Too bad.
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Old 01-15-2009, 09:17 AM
Lost in the Ozarks Lost in the Ozarks is offline
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The slot inflated purses at many tracks illustrate how short-sighted race track management is. I personally begged the Delaware Park management several years ago to use some of this money to lower the take, rather than reward bad horses with huge purses. No - and no other states will do it either. $2,500 claimers running for $14,000 purses? Why? Did it occur to these morons to give the fans a break? After all, the bettors support every facet of racing. Another thing I have attempted to get corrected with no luck is simple: Let the fans know when the finish line is approaching on the TV feed, and let us identify the horses. The trakus system is great, used at Keeneland and Woodbine, and maybe Del Mar on a limited basis, but the traditionalists don't like it. I am stuck in the middle of Missouri, thank heaven for HRTV and TVG, but I challenge anyone to identify the runners in a late afternoon Aqueduct race with their wide pan shot and shadows. Bottom line, the bettors have always been the last priority for management.
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Old 01-15-2009, 11:13 AM
Mr Memory Mr Memory is offline
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New York State showed relative restraint in the straight take for a number of years . . . but now the statehouse is in the hands of grubby philistines,
so that day is over.
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Old 01-15-2009, 12:14 PM
Hartley Hartley is offline
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Lost I think there are 2 reasons they don't lower the take - one they'll admit to and one they won't.

First, they'll say that it's difficult enough to find Breeders of horses which is why fields are so short. A lot of good farms and breeders like Windfields Farms here are finding they get a better return selling the land or using it for other purposes than to raise horses. The only way they'll tell you to get people interested in breeding and purchasing race horses once again is to offer purses that makes it worth their while.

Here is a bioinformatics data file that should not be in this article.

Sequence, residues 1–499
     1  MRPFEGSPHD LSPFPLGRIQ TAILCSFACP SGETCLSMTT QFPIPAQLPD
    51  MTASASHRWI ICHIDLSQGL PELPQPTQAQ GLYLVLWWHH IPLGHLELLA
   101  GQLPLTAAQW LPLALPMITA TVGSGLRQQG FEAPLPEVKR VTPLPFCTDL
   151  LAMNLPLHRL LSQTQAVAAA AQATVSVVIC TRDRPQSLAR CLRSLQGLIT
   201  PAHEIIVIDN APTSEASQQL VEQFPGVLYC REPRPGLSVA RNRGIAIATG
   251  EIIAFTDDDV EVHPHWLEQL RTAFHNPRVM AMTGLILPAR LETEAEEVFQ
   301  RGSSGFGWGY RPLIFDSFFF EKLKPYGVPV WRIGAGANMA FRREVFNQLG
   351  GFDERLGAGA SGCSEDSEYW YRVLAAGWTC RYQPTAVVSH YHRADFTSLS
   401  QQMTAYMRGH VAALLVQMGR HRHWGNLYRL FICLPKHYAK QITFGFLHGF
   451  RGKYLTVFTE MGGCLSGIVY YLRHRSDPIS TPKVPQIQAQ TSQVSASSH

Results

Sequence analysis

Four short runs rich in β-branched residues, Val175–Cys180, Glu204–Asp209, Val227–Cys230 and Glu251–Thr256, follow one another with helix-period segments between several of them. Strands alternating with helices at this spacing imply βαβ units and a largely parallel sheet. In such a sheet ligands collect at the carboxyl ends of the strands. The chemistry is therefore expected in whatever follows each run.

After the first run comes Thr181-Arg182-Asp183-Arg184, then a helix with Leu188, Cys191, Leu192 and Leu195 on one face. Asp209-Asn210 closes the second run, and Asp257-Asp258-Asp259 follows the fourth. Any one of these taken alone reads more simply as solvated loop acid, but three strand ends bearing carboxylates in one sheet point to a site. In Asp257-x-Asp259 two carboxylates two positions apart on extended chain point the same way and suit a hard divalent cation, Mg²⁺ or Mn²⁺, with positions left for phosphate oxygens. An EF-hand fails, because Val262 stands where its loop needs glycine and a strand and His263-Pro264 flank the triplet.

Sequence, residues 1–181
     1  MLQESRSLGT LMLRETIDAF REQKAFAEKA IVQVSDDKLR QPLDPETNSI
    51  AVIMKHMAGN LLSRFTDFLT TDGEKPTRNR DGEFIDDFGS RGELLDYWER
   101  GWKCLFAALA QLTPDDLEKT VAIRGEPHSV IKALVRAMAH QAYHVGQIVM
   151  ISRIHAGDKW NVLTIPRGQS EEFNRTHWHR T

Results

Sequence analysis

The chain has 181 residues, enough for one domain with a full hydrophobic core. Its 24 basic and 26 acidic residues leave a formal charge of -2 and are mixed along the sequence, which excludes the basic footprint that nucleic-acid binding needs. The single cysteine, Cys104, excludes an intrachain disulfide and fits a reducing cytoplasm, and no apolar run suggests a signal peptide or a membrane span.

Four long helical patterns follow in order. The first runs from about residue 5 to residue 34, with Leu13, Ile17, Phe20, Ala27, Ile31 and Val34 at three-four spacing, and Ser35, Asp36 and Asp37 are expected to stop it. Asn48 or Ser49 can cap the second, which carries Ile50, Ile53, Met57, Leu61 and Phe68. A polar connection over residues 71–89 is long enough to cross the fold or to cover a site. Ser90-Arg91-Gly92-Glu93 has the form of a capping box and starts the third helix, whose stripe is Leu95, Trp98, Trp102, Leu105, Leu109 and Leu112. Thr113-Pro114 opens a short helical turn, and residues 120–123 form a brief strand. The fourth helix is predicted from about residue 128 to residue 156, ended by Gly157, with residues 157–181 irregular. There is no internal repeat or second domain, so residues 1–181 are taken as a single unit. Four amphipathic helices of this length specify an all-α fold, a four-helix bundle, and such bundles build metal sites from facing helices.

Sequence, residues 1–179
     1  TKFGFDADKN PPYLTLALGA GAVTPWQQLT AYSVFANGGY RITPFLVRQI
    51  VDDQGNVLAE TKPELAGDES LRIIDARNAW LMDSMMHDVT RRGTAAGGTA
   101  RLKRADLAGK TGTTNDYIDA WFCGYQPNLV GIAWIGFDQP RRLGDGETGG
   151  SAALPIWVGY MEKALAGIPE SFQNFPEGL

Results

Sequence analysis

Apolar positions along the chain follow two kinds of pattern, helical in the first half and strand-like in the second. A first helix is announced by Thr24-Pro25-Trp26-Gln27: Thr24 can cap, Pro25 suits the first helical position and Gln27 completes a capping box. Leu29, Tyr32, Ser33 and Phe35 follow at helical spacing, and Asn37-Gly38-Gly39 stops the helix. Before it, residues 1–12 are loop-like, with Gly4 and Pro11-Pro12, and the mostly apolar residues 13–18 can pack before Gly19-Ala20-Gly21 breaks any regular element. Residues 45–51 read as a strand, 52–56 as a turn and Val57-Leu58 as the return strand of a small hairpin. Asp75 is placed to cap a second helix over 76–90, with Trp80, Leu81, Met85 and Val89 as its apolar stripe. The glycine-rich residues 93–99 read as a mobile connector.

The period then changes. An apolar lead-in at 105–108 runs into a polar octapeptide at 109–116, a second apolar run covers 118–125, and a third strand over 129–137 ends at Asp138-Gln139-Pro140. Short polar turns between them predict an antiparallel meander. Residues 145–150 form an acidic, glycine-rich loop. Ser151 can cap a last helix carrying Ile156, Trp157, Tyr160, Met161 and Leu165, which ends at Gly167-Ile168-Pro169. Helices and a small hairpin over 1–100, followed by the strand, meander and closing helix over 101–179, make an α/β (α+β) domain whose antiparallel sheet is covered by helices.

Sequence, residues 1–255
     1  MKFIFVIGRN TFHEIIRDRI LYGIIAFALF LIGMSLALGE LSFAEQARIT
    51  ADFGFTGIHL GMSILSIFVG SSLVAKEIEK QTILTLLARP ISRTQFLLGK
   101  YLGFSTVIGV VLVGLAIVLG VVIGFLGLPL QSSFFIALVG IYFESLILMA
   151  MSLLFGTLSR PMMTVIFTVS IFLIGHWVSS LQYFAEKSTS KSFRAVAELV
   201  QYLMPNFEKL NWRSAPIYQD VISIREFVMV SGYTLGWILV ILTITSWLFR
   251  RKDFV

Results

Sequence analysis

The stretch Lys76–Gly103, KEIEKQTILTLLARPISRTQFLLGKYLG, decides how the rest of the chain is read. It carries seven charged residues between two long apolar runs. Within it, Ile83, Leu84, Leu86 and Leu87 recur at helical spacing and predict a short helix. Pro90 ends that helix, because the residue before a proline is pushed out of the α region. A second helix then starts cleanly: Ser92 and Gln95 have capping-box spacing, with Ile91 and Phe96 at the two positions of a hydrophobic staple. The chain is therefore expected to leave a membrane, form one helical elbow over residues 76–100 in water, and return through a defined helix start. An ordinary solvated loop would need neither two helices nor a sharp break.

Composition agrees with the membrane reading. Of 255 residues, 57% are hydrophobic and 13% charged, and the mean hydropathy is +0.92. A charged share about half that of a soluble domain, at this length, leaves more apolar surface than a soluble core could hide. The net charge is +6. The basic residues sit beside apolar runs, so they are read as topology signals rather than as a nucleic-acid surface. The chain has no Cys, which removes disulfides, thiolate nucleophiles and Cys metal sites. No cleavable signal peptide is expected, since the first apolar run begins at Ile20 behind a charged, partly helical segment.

The other reason they won't admit to is that the CEOs at most tracks are horsemen. David Willmot owns Kinghaven Farms and you can go down the list to see that those in key positions are owners, breeders or connected to horse racing in one way or another. As such their primary goal is to pad the horsemen as much as possible and the fans are secondary. Any more than the unions from the car companies aren't willing to cut back employee salaries or perks to help the industry, the horsemen aren't willing to give back either.
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Old 01-15-2009, 01:30 PM
Total Square Total Square is offline
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Quote:
The trakus system is great, used at Keeneland and Woodbine, and maybe Del Mar on a limited basis, but the traditionalists don't like it. I am stuck in the middle of Missouri, thank heaven for HRTV and TVG, but I challenge anyone to identify the runners in a late afternoon Aqueduct race with their wide pan shot and shadows. Bottom line, the bettors have always been the last priority for management.
freehold has a basic video product that shows the entire order throughout the race. i think the product that woodbine has for the flats shows the relative position of each horse throughout the race which is an incredible product. when they say the traditionalists dont like it, somebody has to keep in mind that the traditionalists arent growing, and they wont leave just because of the product. where are they going to go???
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Old 01-15-2009, 09:58 PM
Hartley Hartley is offline
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Just got an email that the article may be picked up in the racing form - probably their news section. That would be interesting - I can honestly say I never read the form for the news :).